I bought a “stripped” copy of the 1972 edition of Larry Townsend’s The Leatherman’s Handbook off Ebay. It’s a strange read, considering it was published the year I was born, 1972; unironic use of the word “groovy” for one thing.
Even the terminology is different. Townsend uses S and M to refer to Sadist and Masochist respectively, not Slave and Master. It’s also a glimpse into a time when you couldn’t even mail-order whips and handcuffs.
Townsend’s attitude towards women or heterosexual S/M people is not positive.
While I cannot speak from personal experience, I have discussed this heterosexual bondage scene with several people who are deeply involved in it. I found that in most cases it was the man who desired to submit. Le Grand Marquis to the contrary, I saw the antithesis of the gay leatherman involved in this. Then I found some of the most qualified Ms [masochists] saying it really wouldn’t matter: “If I’m strapped down, maybe with a blindfold over my eyes how can I tell if it’s a man or a woman who shoves that dildo up my ass?”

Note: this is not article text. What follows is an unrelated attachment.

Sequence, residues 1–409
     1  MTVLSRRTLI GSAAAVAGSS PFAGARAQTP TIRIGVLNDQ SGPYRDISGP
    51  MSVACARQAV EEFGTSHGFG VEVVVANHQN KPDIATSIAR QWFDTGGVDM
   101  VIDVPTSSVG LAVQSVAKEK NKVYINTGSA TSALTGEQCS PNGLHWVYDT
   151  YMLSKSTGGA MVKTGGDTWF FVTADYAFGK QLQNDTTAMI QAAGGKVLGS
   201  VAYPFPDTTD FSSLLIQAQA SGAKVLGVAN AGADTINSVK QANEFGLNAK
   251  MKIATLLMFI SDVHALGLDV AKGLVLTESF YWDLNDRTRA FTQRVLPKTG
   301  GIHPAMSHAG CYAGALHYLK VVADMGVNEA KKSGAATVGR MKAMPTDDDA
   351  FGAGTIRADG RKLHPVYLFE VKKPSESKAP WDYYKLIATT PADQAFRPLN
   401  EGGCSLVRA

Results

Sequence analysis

Thus, I may have been wrong… at least as far as the very deeply involved bottomman is concerned. As to the rest of us- the S [sadist], the less experienced guy, or the casual leather tripper- I must adhere to my original premise. In the hetero scene we have a woman, whom our society usually casts in a submissive role- and who has been emphatically placed in this role by nature’s sexual physiognomy- assuming the master’s stance. The man, who may be a leader in the business world or an otherwise strongly dominant figure, assumes the posture of a crawling slave. Thus, the elements of bondage and humiliation are much the same as ours. But the fetish… the object of adoration is completely different. For most of us, if we’re going to play M, we want to know there’s a cock attached to the S! And we want to know it’s real!
Like Krafft-Ebing, Alfred Kinsey and even Nancy Friday, Townsend’s work is in large part a collection of people’s stories, and those stories rather freely mix fantasy and fact. A large part of the book are stories men have mailed to him, many of them set in a military or paramilitary institution.